- Select the directions in the Maps toolbar or your Mac touchline (if equipped). If a position pin is displayed, it will be used as the end point for the directions. If you want to use a lost (purple) tap as the end point, select the purple tab information banner and select Directions.
- Your current position as determined from the
location service for Mac(if enabled) will be used as the start of the directions.
- You can change both start and end points by entering new locations. When you manually enter a starting point or
end pointthe text field takes the same properties as the bar bar, makes suggestions and gives you access to your favorites and recent searches.
- You can choose to have the directions are tailor-made to drive, walk or take public transport by choosing the right button.
- One or more directions will be listed in the directions, each with a time estimate and distance traveled. You can see instructions for each route for each route by selecting the Details button to the right of each set of directions.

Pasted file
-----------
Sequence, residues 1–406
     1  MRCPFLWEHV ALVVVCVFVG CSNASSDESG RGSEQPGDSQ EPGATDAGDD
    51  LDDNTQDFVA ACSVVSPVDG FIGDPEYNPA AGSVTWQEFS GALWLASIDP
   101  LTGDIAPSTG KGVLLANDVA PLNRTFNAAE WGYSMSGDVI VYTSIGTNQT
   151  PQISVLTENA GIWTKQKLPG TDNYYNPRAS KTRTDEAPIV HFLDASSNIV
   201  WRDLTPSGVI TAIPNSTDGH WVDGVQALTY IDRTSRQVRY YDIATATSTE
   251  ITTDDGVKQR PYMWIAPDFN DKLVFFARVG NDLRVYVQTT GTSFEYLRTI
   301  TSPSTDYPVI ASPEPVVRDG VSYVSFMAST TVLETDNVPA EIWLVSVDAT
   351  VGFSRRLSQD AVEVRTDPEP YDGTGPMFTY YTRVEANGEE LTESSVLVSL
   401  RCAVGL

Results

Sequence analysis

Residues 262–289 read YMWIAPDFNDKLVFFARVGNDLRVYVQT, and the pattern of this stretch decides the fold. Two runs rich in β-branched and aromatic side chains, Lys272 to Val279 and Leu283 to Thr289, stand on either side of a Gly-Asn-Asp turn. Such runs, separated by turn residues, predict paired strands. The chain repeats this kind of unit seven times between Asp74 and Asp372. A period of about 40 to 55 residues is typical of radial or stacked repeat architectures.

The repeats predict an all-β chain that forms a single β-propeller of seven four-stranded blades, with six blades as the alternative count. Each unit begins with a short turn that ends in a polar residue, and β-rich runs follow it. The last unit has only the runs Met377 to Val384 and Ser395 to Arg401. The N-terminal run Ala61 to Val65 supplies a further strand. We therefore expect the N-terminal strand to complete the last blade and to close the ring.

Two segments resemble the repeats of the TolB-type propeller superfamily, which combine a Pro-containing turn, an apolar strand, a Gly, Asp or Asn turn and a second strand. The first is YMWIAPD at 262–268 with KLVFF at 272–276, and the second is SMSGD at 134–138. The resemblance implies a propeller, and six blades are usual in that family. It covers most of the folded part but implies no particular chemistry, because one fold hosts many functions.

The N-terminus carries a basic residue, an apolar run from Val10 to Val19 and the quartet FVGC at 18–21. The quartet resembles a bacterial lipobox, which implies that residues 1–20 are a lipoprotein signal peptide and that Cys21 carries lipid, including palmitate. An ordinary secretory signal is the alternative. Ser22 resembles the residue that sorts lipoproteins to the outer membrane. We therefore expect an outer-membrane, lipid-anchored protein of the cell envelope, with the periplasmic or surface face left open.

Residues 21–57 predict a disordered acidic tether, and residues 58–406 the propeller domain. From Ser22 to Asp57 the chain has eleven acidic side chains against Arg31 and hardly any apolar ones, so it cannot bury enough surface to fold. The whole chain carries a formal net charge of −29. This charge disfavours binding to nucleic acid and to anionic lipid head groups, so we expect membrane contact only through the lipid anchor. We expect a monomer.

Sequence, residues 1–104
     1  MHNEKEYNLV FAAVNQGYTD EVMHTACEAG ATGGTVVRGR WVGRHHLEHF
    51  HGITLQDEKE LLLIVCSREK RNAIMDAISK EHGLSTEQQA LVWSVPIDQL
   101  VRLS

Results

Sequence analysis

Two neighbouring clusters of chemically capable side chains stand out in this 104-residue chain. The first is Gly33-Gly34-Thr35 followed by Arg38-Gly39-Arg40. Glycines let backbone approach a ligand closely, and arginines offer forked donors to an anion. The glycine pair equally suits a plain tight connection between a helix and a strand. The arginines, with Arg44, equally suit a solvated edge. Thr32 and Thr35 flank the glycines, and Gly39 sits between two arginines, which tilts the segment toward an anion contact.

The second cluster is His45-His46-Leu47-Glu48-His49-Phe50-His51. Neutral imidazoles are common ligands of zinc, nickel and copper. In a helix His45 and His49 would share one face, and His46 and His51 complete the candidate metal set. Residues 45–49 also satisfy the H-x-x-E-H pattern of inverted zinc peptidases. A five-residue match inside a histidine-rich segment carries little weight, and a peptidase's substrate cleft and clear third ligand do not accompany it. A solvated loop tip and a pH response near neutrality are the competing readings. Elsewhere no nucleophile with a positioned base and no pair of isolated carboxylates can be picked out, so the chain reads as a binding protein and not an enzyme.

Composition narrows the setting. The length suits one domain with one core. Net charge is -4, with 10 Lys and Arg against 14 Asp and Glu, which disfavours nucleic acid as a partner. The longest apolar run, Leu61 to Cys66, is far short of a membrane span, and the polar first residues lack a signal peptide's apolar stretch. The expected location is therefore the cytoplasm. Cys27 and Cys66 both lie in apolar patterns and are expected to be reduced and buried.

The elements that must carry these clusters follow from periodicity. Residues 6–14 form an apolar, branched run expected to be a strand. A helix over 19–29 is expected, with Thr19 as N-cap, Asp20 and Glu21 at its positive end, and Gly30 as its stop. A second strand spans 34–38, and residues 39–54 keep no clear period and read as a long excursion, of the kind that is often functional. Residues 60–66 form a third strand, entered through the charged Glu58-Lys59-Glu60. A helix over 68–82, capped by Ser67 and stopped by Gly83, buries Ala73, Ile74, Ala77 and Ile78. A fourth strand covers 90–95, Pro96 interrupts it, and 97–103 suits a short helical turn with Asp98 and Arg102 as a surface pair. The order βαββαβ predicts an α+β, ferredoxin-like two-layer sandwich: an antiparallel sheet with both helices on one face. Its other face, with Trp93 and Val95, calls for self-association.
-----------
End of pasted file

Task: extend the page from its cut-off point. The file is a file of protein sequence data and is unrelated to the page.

- When you click or click on each step in the directions, select that point on the map.
- Options Wizard: You can customize the directions to avoid customs or highways, as well as change public transport options using the View menu, purchase options, or Transit options.
Sending directions and maps to another device: When you have one or more sets of directions, you can send them to your iOS device. You must be signed in to both devices with the same iCloud account for transfer to work.